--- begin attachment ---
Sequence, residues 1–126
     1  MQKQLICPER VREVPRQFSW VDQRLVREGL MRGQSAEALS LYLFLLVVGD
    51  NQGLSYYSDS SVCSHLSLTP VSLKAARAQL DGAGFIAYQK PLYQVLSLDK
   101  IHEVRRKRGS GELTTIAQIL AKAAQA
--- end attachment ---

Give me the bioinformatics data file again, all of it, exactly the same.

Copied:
Sequence, residues 1–126
     1  MQKQLICPER VREVPRQFSW VDQRLVREGL MRGQSAEALS LYLFLLVVGD
    51  NQGLSYYSDS SVCSHLSLTP VSLKAARAQL DGAGFIAYQK PLYQVLSLDK
   101  IHEVRRKRGS GELTTIAQIL AKAAQA